BERNARD TSCHUMI EVENT CITIES PDF

Bernard Tschumi's Event-Cities presents an original selection of his most recent architectural projects, which are at the center of polemics on architecture and cities today. Tschumi has already expanded the field of contemporary architectural theory through his writings. Now, with Event-Cities, he enlarges some of his earlier concerns to address the issue of cities and their making. Event-Cities explores contemporary architecture through its confrontation with the major programs defining the edge of the twenty-first century - airports, business centers, multipurpose railroad "cities," downtown areas, and multimedia art centers, as well as video installations and domestic environments. Using different modes of notation ranging from rough models to sophisticated computer-generated images and testing various means to inscribe the movement of bodies in space, Tschumi reveals the complexities of the architectural process and the rich texture of architectural events that define the nature of urban reality. Event-Cities unfolds a new type of architectural documentation, far removed from the glossy picture books that have become the major means of presenting architectural projects - a "project discourse" that may be as extensive and precise as any theoretical or critical text.

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How concept, context, and content interact in architecture; provocative examples from recent projects by Bernard Tschumi. In Event-Cities 3 , Bernard Tschumi explores the complex and productive triangulation of architectural concept, context, and content. There is no architecture without a concept, an overriding idea that gives coherence and identity to a building. But there is also no architecture without context—historical, geographical, cultural—or content what happens inside.

Concept, context, and content may be in unison or purposely discordant. Against the contextualist movement of the s and s, which called for architecture to blend in with its surroundings, Tschumi argues that buildings may or may not conform to their settings—but that the decision should always be strategic. Through documentation of recent projects—including the new Acropolis Museum in Athens, a campus athletic center in Cincinnati, museums in Sao Paolo, New York, and Antwerp, concert halls in France, and a speculative urban project in Beijing—Tschumi examines different ways that concept, context, and content relate to each other in his work.

In the new Acropolis Museum, for example, Tschumi looks at the interaction of the concept—a simple and precise museum with the clarity of ancient Greek buildings—with the context its location at the base of the Acropolis, feet from the Parthenon and the content, which incorporates archaeological excavations on the building site into the fabric of the museum.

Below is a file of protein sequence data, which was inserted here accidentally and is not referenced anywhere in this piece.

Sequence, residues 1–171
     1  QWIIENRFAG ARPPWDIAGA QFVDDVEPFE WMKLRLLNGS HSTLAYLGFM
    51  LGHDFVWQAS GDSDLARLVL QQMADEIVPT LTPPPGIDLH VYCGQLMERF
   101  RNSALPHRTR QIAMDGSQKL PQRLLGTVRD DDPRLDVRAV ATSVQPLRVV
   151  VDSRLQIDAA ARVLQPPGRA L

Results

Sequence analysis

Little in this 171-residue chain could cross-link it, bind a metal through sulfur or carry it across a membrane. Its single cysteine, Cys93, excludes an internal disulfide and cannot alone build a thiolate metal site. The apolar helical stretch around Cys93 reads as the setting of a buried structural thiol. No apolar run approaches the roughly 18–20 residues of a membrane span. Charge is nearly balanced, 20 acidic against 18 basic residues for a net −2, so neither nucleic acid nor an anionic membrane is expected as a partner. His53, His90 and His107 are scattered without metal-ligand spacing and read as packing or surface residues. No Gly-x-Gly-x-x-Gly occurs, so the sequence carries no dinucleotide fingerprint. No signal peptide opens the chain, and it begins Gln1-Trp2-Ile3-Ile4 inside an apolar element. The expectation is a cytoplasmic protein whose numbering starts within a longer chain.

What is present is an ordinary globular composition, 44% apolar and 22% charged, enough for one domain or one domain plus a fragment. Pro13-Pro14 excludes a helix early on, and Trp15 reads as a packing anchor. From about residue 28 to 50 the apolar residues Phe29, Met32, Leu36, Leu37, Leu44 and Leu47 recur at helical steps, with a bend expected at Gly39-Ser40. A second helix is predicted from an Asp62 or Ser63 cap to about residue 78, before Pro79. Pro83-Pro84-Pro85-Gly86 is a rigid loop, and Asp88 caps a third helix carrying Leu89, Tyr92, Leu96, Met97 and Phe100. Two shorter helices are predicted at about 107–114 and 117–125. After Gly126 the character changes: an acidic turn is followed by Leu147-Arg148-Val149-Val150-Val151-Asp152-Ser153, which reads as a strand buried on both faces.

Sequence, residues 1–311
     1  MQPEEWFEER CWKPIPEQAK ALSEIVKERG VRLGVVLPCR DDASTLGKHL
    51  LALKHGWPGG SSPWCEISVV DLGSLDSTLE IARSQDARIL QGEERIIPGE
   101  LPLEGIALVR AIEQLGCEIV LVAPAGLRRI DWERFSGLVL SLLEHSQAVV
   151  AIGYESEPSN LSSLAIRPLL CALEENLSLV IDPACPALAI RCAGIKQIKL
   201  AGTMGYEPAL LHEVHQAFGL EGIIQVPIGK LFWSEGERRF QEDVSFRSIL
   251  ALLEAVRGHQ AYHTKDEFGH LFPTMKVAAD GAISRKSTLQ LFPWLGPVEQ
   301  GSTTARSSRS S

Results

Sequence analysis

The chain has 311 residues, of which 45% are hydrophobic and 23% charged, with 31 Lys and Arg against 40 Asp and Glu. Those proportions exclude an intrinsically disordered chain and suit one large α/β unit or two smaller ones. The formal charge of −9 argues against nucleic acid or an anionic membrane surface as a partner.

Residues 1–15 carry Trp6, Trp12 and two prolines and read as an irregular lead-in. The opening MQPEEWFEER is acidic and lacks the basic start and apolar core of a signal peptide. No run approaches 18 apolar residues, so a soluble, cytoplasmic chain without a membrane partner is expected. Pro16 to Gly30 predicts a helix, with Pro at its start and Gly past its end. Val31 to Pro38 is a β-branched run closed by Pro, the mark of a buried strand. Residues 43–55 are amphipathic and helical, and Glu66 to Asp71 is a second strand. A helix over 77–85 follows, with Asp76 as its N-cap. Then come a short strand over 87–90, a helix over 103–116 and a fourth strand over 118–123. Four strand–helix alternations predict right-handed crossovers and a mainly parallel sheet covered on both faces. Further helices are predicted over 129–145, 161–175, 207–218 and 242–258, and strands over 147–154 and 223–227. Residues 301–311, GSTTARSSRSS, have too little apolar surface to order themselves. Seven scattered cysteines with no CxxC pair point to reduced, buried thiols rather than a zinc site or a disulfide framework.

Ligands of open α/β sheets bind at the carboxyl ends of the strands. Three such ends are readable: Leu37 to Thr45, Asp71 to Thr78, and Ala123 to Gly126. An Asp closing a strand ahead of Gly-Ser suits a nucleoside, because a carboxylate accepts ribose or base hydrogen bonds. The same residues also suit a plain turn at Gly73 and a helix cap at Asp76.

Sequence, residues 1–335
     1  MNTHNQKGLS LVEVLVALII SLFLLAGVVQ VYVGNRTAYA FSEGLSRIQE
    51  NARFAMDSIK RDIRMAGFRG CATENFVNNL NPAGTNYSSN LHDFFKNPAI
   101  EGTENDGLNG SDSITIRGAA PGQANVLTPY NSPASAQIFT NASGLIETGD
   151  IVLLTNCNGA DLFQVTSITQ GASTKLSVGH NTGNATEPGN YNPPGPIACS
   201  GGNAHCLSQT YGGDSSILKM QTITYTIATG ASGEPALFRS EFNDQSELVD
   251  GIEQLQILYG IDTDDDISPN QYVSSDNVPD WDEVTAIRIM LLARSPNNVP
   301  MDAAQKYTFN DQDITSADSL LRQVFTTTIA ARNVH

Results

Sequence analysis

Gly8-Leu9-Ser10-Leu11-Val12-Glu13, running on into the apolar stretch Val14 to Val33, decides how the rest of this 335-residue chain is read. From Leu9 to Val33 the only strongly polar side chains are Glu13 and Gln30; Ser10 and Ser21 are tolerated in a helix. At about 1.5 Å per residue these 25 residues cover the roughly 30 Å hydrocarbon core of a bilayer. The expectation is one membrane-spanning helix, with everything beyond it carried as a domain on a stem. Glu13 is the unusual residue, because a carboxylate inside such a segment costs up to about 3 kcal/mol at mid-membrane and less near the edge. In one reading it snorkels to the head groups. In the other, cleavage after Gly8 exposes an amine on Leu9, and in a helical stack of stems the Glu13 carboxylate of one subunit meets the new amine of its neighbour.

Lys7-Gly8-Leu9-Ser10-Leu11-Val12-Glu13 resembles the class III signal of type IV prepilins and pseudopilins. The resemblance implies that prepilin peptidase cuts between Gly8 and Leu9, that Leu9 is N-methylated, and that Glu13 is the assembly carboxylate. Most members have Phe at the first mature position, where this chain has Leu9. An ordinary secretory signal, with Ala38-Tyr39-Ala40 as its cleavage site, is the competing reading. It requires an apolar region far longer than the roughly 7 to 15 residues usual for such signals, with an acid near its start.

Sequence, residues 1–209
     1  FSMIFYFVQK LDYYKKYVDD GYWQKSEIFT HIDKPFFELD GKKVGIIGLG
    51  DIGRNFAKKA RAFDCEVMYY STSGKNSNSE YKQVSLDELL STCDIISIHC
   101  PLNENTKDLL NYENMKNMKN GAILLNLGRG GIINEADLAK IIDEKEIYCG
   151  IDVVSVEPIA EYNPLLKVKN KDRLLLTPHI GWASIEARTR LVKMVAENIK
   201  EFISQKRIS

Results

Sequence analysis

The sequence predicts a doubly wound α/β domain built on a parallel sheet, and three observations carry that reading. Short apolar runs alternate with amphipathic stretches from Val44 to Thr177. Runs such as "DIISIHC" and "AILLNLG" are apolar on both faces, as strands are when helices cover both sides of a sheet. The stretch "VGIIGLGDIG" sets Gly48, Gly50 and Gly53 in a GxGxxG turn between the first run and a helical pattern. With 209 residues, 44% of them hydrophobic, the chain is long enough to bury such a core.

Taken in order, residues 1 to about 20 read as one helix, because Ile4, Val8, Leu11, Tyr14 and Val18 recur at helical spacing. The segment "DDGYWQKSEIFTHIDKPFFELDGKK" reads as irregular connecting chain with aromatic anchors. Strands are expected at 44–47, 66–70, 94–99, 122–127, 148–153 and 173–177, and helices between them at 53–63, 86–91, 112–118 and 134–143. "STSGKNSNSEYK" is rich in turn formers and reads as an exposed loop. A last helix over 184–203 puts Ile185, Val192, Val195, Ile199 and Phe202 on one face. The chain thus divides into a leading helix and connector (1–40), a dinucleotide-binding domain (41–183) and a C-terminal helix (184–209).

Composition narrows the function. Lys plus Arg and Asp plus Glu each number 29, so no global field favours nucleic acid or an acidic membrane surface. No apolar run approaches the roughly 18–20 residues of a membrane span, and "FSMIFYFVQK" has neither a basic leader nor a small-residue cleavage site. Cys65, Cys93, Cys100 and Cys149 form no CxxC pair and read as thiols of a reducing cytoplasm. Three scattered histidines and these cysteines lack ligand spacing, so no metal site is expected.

Through provocative examples, Tschumi demonstrates that the relationship of concept, context, and content may be one of indifference, reciprocity, or conflict—all of which, he argues, are valid architectural approaches. Above all, he suggests that the activity of architecture is less about the making of forms than the investigation and materialization of concepts.

Bernard Tschumi. Bernard Tschumi and Matthew Berman. Search Search. Search Advanced Search close Close. Preview Preview. Event-Cities 3 Concept vs. Context vs. Content By Bernard Tschumi How concept, context, and content interact in architecture; provocative examples from recent projects by Bernard Tschumi.

Add to Cart Buying Options. Request Permissions Exam copy. Overview Author s Praise. Summary How concept, context, and content interact in architecture; provocative examples from recent projects by Bernard Tschumi.

Share Share Share email. He was dean of the Columbia Graduate School of Architecture from to Reviews not only eye-popping, but stimulating too. The Architect's Newspaper.

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Event-Cities 3

How concept, context, and content interact in architecture; provocative examples from recent projects by Bernard Tschumi. In Event-Cities 3 , Bernard Tschumi explores the complex and productive triangulation of architectural concept, context, and content. There is no architecture without a concept, an overriding idea that gives coherence and identity to a building. But there is also no architecture without context—historical, geographical, cultural—or content what happens inside. Concept, context, and content may be in unison or purposely discordant. Against the contextualist movement of the s and s, which called for architecture to blend in with its surroundings, Tschumi argues that buildings may or may not conform to their settings—but that the decision should always be strategic. Through documentation of recent projects—including the new Acropolis Museum in Athens, a campus athletic center in Cincinnati, museums in Sao Paolo, New York, and Antwerp, concert halls in France, and a speculative urban project in Beijing—Tschumi examines different ways that concept, context, and content relate to each other in his work.

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Event-Cities

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